Beef brisket is one of those cuts of meat many people are too intimidated to try cooking. Brisket can be a challenge – it is a lean and tough cut that often is overcooked.
Brisket is frequently served boiled and corned at St. Patrick's Day tables across the US, but well-made smoked beef brisket is also delicious. Brisket is a favorite at BBQ joints all over, but is particularly popular in the Southwest. Today we're going to tell you how to smoke a brisket Texas-style for a great meal your family will love.
What is Brisket?
Brisket is one of the nine primal cuts of beef. The brisket is cut from the lower chest and these muscles do a lot of work. So the meat consists of long, strong fibers. The brisket consists of two separate muscle groups identified as the flat and the point. When smoking a brisket, you'll want to buy a brisket that includes both the point and the flat. This is most often called a packer brisket cut. A whole packer brisket will provide juicy and tender smoked meat that won't be dry.
Trimming a Packer Brisket
When you are getting your brisket ready for the smoker, cut most of the excess fat off. You want to leave only about one quarter inch of the fat cap on the beef. If you don't trim the fat on the brisket, the smoke flavor will not get into the meat and you'll end up with a bunch of delicious smelling (but inedible) fat and a bland brisket.
Seasoning a Brisket for the Smoker
Some people swear by dry-aging brisket, but we have found that the process often results in a very flavorful but dry piece of beef. Instead, we brine our brisket in the refrigerator, then let our packer cut brisket come to room temperature before smoking it. A whole packer cut is a big hunk of meat – usually between 16 and 18 pounds of beef. It can take more than an hour to let the meat come to temp.
Brining the Brisket
Brining adds flavor and will ensure your brisket is moist and tasty. Our brine is a simple recipe. Just combine water and apple cider vinegar in a large stock pot, brining bag, or dutch oven. Add sugar, black peppercorns, a couple bay leaves, and stir until the sugar has dissolved. Next set the brisket in the brine and place in the refrigerator for about three hours. When the brisket has sat, remove it from the liquid and pat it dry with paper towels. Do not rinse the brisket.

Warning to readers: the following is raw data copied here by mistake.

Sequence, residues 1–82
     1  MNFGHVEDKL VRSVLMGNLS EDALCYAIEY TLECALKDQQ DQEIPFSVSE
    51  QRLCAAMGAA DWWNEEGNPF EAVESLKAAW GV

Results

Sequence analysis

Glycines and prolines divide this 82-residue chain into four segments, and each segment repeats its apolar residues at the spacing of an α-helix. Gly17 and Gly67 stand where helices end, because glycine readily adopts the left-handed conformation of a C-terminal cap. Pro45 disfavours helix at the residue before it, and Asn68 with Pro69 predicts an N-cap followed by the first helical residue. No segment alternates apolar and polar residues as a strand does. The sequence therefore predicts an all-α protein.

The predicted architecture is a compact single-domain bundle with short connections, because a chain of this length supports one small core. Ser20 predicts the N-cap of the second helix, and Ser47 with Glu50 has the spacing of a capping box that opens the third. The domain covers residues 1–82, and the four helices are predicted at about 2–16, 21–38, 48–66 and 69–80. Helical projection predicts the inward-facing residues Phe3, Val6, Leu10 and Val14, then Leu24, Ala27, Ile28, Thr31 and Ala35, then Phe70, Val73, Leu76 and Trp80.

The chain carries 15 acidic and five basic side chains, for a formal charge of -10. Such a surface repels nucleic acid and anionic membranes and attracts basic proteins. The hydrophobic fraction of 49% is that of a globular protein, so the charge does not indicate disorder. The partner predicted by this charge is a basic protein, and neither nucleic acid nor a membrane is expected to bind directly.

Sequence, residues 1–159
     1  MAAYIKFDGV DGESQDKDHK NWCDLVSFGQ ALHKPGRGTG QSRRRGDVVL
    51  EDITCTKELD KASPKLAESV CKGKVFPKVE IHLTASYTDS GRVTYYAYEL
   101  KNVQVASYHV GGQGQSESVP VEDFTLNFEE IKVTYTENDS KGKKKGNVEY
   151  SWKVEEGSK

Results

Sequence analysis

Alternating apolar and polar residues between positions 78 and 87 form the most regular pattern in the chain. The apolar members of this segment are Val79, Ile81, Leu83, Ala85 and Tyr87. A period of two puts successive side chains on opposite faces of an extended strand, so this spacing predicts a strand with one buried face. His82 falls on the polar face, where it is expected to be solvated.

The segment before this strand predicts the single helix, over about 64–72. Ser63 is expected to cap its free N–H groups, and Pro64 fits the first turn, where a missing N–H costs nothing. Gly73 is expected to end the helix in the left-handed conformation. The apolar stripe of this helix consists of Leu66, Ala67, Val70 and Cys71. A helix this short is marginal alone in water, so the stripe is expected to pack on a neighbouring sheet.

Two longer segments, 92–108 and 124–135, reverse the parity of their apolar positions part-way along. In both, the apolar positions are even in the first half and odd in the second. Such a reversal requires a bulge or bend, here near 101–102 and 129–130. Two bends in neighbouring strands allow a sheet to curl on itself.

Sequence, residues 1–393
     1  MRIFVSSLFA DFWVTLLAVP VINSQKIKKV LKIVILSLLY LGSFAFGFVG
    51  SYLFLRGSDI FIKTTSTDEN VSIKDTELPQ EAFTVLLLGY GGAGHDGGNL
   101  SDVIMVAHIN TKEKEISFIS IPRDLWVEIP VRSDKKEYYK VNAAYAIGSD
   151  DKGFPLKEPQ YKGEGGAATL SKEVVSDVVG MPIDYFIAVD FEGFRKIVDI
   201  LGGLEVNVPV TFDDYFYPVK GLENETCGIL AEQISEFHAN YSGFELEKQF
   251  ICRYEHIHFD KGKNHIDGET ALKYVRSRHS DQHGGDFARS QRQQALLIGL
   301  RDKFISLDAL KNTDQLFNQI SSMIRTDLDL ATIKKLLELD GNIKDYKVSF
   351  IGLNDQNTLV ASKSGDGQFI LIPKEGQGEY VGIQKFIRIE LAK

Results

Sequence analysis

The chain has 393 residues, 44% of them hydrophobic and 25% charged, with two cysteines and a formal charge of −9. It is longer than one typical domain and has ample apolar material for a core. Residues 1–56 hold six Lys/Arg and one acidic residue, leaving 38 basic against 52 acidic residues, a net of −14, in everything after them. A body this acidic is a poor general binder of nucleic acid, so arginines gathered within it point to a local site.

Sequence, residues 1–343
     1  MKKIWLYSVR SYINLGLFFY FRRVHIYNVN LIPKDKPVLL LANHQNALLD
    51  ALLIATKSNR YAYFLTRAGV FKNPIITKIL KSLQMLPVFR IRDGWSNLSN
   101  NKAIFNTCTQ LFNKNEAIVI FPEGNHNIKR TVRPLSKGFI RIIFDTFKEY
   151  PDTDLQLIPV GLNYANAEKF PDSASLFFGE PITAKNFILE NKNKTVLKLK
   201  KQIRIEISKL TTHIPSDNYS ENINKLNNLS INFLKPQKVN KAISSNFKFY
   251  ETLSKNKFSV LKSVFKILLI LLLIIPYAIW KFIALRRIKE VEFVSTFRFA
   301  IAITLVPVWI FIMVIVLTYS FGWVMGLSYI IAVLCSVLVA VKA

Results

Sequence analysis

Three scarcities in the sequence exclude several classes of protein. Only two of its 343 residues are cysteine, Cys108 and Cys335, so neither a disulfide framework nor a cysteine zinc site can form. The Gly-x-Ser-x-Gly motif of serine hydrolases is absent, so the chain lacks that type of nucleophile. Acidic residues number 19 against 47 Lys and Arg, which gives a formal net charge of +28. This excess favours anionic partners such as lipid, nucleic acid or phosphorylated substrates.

Dry Rub for the Best Flavor
For our brisket, we are going to use our all-natural Bearded Butcher Blend Black Seasoning. This blend has the perfect combination of spicy coarse ground black pepper and kosher salt to provide the ultimate in flavor. It also contains some cane sugar and instant coffee which will make a perfect bark if you follow our instructions throughout the whole smoking process. We are simply going to rub the brisket completely on all sides with the seasoning.
The traditional, Texas way to season a brisket is to rub it with brown sugar, onion powder, garlic powder, salt, and black pepper. Many smoked brisket recipes also include paprika or chipotle seasoning for a spicy kick.
Smoke a Brisket like a Pro
We are going to preheat our Traeger 885 smoker to a temperature of 225 degrees F. For our brisket, we are going to use Traeger apple wood pellets. Apple wood chips contribute a slightly sweet and smoky flavor that is perfect for a brisket. Place a meat thermometer probe in the thickest part of the brisket, making sure that you don't accidentally get the probe in the fat layer between the flat and the point.
How Long to Smoke a Brisket
Smoking a brisket is a is a time-consuming process, so make sure you plan ahead. A large brisket can take 8 or 9 hours to smoke and should be rested after cooking. Smoked brisket usually takes around half an hour per pound to cook thoroughly.
Answering how long to cook a brisket is actually a little bit tricky. After smoking to about 165 degrees F, your internal temperature will stall. For that classic "fall apart" brisket, you have to push it past 165 degrees and the only way to do that is to pull the brisket off the grill, wrap it with pink butcher paper, put it back on the grill (fat side up), and re-insert the probe in the thickest part.